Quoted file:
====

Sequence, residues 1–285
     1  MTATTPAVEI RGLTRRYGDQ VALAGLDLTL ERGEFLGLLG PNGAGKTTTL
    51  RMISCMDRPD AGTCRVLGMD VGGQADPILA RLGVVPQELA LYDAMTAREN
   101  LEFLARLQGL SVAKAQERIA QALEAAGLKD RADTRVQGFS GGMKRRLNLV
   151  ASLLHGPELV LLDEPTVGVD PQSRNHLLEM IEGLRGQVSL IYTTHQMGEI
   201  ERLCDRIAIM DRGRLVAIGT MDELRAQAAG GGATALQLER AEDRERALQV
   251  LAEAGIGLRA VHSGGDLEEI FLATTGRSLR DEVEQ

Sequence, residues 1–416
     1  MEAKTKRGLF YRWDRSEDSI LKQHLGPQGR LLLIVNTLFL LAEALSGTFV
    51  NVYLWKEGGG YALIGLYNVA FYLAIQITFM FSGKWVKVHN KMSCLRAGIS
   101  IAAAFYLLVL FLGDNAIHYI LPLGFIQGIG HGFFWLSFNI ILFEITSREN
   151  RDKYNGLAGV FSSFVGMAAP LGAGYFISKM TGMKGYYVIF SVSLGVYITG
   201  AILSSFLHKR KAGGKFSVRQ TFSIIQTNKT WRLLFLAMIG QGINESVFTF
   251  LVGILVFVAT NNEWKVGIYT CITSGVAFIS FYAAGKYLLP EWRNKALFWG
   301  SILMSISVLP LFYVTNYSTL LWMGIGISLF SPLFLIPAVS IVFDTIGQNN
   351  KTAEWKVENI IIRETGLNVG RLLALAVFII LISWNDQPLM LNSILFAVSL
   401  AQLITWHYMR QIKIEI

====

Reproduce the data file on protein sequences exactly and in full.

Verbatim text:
Sequence, residues 1–285
     1  MTATTPAVEI RGLTRRYGDQ VALAGLDLTL ERGEFLGLLG PNGAGKTTTL
    51  RMISCMDRPD AGTCRVLGMD VGGQADPILA RLGVVPQELA LYDAMTAREN
   101  LEFLARLQGL SVAKAQERIA QALEAAGLKD RADTRVQGFS GGMKRRLNLV
   151  ASLLHGPELV LLDEPTVGVD PQSRNHLLEM IEGLRGQVSL IYTTHQMGEI
   201  ERLCDRIAIM DRGRLVAIGT MDELRAQAAG GGATALQLER AEDRERALQV
   251  LAEAGIGLRA VHSGGDLEEI FLATTGRSLR DEVEQ

Sequence, residues 1–416
     1  MEAKTKRGLF YRWDRSEDSI LKQHLGPQGR LLLIVNTLFL LAEALSGTFV
    51  NVYLWKEGGG YALIGLYNVA FYLAIQITFM FSGKWVKVHN KMSCLRAGIS
   101  IAAAFYLLVL FLGDNAIHYI LPLGFIQGIG HGFFWLSFNI ILFEITSREN
   151  RDKYNGLAGV FSSFVGMAAP LGAGYFISKM TGMKGYYVIF SVSLGVYITG
   201  AILSSFLHKR KAGGKFSVRQ TFSIIQTNKT WRLLFLAMIG QGINESVFTF
   251  LVGILVFVAT NNEWKVGIYT CITSGVAFIS FYAAGKYLLP EWRNKALFWG
   301  SILMSISVLP LFYVTNYSTL LWMGIGISLF SPLFLIPAVS IVFDTIGQNN
   351  KTAEWKVENI IIRETGLNVG RLLALAVFII LISWNDQPLM LNSILFAVSL
   401  AQLITWHYMR QIKIEI